MEMETERIA by Thomas May

Music & the Arts

Bernstein’s Chamber Music

Leonard Bernstein in 1944; photo by Carl van Vechten

Leonard Bernstein in 1944; photo by Carl van Vechten

The “curse” of being Leonard Bernstein — of having to cope with too many talents and corresponding passions within a 24-hour day — is usually talked about as too-muchness on the macro level: Lenny the composer, say, becoming frustrated by the energy he had to siphon off into conducting gigs, ditto for Lenny the pianist, Lenny the teacher, etc.

Sometimes what’s shuffled into the Lenny-the-composer persona is broken down into the rubrics of “classical” versus Broadway undertakings. But it’s remarkable how many subcategories can be teased out here. For instance: chamber music.

While recently working on a piece about some of the early chamber works, I realized these comprise an entire subset of their own of unfulfilled potential, since, for the most part – and for obvious practical reasons – Bernstein pretty much abandoned writing chamber music despite the incredible promise shown by some of his earliest pieces.

His Sonata for Clarinet and Piano from 1941-42, which after all he chose as his first officially published composition, has become a mainstay in that sparse repertory. And with good reason. Here’s the second movement:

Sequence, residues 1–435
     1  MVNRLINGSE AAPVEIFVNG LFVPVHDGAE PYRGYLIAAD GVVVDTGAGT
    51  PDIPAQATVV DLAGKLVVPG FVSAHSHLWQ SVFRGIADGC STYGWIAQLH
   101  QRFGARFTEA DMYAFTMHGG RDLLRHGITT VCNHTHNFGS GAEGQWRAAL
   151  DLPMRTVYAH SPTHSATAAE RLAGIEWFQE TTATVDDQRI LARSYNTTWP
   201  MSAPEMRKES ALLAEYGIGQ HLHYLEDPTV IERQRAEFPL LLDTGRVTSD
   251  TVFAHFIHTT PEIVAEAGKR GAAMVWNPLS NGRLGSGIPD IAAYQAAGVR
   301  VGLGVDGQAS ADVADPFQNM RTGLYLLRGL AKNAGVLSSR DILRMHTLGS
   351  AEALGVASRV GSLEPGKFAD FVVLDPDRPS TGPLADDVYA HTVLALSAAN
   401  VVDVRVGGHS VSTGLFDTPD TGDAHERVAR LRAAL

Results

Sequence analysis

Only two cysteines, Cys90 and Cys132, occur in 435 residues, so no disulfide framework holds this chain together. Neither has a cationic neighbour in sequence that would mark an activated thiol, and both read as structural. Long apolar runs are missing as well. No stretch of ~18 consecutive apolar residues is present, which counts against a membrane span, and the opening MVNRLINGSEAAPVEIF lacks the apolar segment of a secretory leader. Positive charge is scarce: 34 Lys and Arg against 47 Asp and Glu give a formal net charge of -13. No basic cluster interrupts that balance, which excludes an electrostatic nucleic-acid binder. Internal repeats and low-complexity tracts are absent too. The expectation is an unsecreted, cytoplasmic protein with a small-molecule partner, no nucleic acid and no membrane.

There’s a lone Sonata for Violin and Piano, from 1939, the year Bernstein graduated from Harvard – though the Sonata for Clarinet has also been reworked as a violin sonata. Written for a young Raphael Hillyer (future co-founder of the Juilliard Quartet), this piece also demonstrates Bernstein’s flair for abstract chamber writing, but he also made use of some of the ideas here in the ballet score Facsimile and the Age of Anxiety Symphony.

An even earlier treasure is the Piano Trio from 1937, also a product of his undergraduate years at Harvard. Already Bernstein shows his natural gift for absorbing a multitude of influences and turning them into something fresh. Notice the intriguing inclusion of then-fashionable Neoclassicism alongside the blues touch of the middle movement (later recycled as the tune “Gabey’s Comin'” in On the Town).

“I have a suspicion that every work I write, for whatever medium, is really theatre music in some way” — L. Bernstein in his prefatory note to his Symphony No. 2 (The Age of Anxiety).

Filed under: American music, Bernstein


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